And after all of that, the band turmoil, the rougher sound and the harsh themes, how is the “rock” music on Monster? Well as a soundscape it is certainly more interesting than U2’s “rock in quotes” album How to Dismantle an Atomic Bomb. It is both as biting and as blurry as the bear on the cover, though like the creature’s eyes still displays an element of vulnerability (here it is in the ballads). And Mike Mills and Bill Berry get chances to shine way more than on the previous two albums. Still, as a whole, the record has a major problem, that being its continuous similarity. This is the first R.E.M album where I felt that the songs themselves did not match the ambition of the album, and that is more interesting to talk about then it is to actually listen to (probably emphasised by how long this section is).
There are some great songs on Monster, though. The first just so happens to be the one the album opens with. “What’s the Frequency, Kenneth” is named after a puzzling sentence said by two attackers of a newscaster, and although it is not really about the story in question it is probably the most politically charged song on the album. Referencing the Linklater film Slacker (“withdrawing in disgust is not the same as apathy”), and containing pointed lines like “you said irony was the shackles of youth”, it appears to be a song about the tension between the irony-led Generation X and the movement that was going to be called the New Sincerity. At the same time it has a very biting tone by both Stipe’s delivery and Buck’s guitar, the contrast most apparent by the Peter Buck solo that is both forceful and feels like the notes are going backwards. It’s the kind of subject that David Foster Wallace would make an a thousand page book about. This is done in a four minute, four chord song.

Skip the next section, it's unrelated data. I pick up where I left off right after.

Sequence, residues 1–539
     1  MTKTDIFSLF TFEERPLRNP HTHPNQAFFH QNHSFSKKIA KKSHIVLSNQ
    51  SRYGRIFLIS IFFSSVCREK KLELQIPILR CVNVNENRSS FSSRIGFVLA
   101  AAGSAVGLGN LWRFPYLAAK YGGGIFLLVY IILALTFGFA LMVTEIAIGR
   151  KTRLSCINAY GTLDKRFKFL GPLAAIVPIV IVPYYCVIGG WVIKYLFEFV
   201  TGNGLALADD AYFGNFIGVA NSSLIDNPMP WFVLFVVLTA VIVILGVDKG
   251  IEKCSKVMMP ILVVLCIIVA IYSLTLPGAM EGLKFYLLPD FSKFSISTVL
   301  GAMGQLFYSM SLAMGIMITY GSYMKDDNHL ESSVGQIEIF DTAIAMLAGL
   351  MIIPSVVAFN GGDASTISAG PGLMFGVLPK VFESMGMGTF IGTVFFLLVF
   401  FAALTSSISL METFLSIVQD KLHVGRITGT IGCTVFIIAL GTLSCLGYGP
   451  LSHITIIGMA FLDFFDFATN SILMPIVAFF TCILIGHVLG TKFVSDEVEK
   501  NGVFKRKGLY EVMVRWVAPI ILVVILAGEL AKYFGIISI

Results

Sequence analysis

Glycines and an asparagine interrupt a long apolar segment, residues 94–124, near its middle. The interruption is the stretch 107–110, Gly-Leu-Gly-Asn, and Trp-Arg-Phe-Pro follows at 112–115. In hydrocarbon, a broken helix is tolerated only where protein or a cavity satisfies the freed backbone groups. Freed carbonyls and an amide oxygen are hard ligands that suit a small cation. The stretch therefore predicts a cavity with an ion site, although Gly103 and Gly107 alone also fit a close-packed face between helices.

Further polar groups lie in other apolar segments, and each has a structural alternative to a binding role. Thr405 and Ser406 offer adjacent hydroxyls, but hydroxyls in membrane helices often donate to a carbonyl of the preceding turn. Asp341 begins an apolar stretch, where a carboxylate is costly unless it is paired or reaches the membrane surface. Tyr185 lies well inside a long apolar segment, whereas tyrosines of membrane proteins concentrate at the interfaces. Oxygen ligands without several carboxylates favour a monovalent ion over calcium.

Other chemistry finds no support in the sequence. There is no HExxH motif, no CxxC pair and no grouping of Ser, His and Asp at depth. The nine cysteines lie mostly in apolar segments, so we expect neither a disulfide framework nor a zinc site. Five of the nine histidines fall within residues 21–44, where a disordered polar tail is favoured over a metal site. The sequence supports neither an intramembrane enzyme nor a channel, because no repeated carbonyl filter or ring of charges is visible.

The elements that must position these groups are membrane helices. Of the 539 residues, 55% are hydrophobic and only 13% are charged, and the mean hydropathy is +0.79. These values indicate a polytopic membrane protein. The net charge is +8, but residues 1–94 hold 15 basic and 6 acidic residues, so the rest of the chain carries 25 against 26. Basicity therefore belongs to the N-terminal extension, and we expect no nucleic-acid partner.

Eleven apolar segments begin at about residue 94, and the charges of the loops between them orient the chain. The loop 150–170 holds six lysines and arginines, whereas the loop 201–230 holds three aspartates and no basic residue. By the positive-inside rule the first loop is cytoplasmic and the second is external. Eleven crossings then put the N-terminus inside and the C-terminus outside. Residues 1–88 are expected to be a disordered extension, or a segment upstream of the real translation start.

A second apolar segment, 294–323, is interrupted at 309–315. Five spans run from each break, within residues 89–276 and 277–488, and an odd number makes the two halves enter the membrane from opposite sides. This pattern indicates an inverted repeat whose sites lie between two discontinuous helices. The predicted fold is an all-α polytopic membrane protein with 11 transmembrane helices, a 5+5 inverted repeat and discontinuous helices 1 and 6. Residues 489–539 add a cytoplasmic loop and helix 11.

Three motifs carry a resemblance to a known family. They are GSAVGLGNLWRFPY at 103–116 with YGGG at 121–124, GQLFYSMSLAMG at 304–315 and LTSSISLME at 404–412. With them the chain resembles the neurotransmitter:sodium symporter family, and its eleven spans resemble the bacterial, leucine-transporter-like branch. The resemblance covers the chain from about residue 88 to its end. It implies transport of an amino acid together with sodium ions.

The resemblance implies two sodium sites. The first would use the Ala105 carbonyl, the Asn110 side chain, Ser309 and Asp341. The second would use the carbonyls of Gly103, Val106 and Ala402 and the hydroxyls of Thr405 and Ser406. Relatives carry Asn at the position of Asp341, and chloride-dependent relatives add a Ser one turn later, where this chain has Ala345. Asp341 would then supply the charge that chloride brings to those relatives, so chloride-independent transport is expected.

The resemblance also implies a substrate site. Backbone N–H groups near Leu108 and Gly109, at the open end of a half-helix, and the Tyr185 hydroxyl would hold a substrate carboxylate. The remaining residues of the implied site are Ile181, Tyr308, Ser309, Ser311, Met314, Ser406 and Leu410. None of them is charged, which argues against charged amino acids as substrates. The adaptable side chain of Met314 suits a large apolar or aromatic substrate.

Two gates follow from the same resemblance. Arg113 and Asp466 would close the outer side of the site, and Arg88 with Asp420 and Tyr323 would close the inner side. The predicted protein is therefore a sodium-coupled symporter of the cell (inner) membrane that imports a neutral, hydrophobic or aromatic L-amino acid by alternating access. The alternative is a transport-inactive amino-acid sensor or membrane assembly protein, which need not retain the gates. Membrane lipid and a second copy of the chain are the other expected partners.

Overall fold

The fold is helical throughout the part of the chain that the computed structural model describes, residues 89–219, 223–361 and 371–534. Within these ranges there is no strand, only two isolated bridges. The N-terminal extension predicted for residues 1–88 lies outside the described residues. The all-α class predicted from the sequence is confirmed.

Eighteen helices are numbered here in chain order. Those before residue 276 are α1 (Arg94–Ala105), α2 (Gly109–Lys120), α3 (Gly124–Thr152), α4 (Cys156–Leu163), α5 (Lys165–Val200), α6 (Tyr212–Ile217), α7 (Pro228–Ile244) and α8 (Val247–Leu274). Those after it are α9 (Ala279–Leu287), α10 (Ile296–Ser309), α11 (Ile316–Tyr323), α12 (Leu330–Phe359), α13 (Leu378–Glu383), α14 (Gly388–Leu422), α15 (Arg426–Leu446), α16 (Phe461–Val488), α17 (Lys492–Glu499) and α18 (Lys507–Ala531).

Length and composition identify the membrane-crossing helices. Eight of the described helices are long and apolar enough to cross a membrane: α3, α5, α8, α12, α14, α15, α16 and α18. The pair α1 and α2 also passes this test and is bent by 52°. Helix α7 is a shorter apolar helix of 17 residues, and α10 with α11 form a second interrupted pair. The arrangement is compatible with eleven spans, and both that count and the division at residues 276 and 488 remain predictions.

“Crush with Eyeliner” is also about identity, but more in line with the personality of the rest of the album. It’s a “love” song – like those Stipe said he would never write – but the nature of the affection is always brought into question. With the references to Frankenstein ( it’s actually monster) and “I’ll do anything” it is kind of like it is from the point of view of someone overcome with feelings that they can see themselves as a submissive to this persons affections. And with the “woman-child” line, we can’t say for certain how old this woman (if indeed she is?) and if this relationship is more predatory or more Lolita. It’s quite campy in the vocals, with what sounds occasionally like a Bob Dylan impression amidst all the wavy guitars. I can’t say I like the tremolo guitar work here, but I do think it’s held together by the tight rhythm work by Mills and Berry counteracting the drifting guitars.
Back to the U2 comparisons, “King of Comedy” is the one that most shows these influence, with processed vocals and synth lines that sound like something from Zooropa, like how the disconnected vocals here have the same distancing effect as “Numb” (the synths would also be prevalent on their next release). This is also Monster’s fullest embrace of irony, and despite the distancing is one of the record’s catchiest songs. I think in part because having a repetitive “Make your money” structure that also has the album’s most on-the-nose lyrics about capitalism, seeking fame and how he is “not a commodity” (all theme’s prevalent in the Scorcese movie from which this song gets its title).
The intentionally dull delivery is used again for “I Don’t Sleep, I Dream,” though here the guitars, synths and piano have a floating quality perfectly applicable to the dream feel that the title is going for. That is until the thuds of the treble piano notes, making the whole scene feel like the hangover it is. The character here is looking for a sexual conquest, euphemised as “an interruption.” The high falsetto’s here remind me of Bono’s MacPhisto, though the character Stipe plays here sounds more perverse and desperate.